Athletic Wess gets shot

By Mike Medina  |   Tuesday, August 08, 2006  |  Comments( 0 )

Cincinnati Bearcats
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Watching West Virginia quarterback Pat White bewilder the University of Cincinnati defense last fall with his passing and athleticism was excruciating for the UC coaching staff but it could be a positive development for the Bearcats in the long run.

White's success might already have provided a boost to UC's David Wess.

Wess, a 6-foot-2, 215-pound sophomore from Whitehall Yearling High School in Columbus, is convinced that White's performance inspired UC coach Mark Dantonio to move him back to quarterback, his position in high school, after being tried at safety, running back and wide receiver.

"They saw (White) and were like, 'man, we might have that kind of player in Wess,' " Wess said.

It's true, Dantonio said, that the possibility of taking the field with an athletic quarterback who can run as well as he can pass is tantalizing.

In addition to his painful exposure to White's talents last fall, Dantonio was the defensive coordinator at Ohio State when Troy Smith was developing into a Heisman Trophy candidate.

"An athlete at quarterback sometimes gives you an extra dimension," Dantonio said. "Not to say the other guys aren't athletic, but (Wess) gives you a special kind of guy."

Wess didn't complain last season when he was moved to safety, which he also played in high school, but he never felt comfortable there.

"You know how you can feel if you're into it?" Wess said. "I just wasn't into it. I liked it because I was playing football but I didn't put my heart into it because honestly I didn't like that position. But the coach asked me to play there and I'm going to do whatever my coach asks ..."

An honor roll student in high school, Wess originally signed with Minnesota but fell short of the test scores he needed to qualify academically as a freshman.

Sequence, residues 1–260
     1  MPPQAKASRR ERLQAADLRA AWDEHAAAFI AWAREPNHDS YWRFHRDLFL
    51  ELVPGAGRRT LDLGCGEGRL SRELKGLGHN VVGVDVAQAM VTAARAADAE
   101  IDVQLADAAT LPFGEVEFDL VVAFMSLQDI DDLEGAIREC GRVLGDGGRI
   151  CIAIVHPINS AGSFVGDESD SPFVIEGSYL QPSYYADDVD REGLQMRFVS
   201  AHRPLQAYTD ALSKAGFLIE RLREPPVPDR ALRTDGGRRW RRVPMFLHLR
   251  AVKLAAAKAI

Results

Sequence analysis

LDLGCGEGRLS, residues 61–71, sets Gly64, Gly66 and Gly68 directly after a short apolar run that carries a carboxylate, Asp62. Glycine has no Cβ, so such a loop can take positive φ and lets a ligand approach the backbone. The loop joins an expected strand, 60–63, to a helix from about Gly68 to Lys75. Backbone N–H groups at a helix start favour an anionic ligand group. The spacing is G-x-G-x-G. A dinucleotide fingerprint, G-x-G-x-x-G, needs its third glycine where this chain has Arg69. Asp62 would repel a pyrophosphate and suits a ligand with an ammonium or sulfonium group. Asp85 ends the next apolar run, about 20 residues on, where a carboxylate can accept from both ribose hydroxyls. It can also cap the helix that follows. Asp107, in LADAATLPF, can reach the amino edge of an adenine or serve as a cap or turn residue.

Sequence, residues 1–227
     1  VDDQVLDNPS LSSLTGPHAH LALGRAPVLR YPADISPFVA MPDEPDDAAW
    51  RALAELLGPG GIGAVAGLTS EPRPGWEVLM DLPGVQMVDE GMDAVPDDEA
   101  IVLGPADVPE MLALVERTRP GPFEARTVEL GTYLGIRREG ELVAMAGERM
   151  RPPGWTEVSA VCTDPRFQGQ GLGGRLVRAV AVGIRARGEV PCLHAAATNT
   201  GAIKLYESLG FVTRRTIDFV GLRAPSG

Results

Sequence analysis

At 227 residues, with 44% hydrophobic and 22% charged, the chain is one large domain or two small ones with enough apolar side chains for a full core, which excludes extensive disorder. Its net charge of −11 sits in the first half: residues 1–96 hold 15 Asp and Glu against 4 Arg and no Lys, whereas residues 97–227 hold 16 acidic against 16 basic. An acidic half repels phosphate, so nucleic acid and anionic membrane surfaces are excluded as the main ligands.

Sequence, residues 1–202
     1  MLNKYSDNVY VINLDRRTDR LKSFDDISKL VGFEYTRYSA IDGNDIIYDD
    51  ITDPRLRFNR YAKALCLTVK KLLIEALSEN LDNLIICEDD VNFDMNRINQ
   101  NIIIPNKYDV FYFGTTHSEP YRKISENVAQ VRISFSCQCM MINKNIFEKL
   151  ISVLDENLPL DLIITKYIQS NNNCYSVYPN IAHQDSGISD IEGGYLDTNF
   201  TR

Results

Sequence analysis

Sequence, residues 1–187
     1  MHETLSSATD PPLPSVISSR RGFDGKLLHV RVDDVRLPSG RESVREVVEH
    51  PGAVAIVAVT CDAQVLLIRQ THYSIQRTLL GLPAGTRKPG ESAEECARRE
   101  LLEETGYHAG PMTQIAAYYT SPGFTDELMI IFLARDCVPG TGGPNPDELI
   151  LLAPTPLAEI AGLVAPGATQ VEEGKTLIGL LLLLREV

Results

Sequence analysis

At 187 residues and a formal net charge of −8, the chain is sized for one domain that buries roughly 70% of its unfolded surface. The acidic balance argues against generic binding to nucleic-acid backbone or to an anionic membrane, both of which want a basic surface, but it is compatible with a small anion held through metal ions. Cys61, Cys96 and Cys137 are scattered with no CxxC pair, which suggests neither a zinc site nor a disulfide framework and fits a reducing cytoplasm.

Minnesota wouldn't let him enroll as Prop 48, so Wess' high school coach contacted Dantonio to see if he could play at UC.

"He said I could come down here and try," Wess said.

Wess spent only two days at quarterback near the end of spring practice, but he used the summer to familiarize himself with the offense in the hope that he'd be ready for summer camp.

"It comes down to him getting in there with 10 other guys and seeing what he can do execution-wise under the gun," said UC quarterbacks coach Dave Warner. "We like his athleticism. We want to see how he can pick up the pass game more than anything."

Like the UC coaches, Wess saw what White did for West Virginia and dreamed of being afforded the same opportunity at UC.

Now that he has it, he plans to do his best to pry the job away from incumbent starter Dustin Grutza.

"I just think if I do everything the coaches ask of me, the right man will win the job," Wess said. "I'm not saying who will win or if I think I'll get to start. I'm just going to go out there and play every practice like it's a game."

He has a long way to go. Because he lacks Grutza's experience, the odds are against Wess being under center for the Sept. 2 season opener vs. Eastern Kentucky.

But Dantonio isn't ruling out anything.

"It'll be difficult," Dantonio said of the obstacles Wess faces. "It may be a year. It may be a year and a half. But you never know because if you use your ability to improvise, it can be a positive thing."

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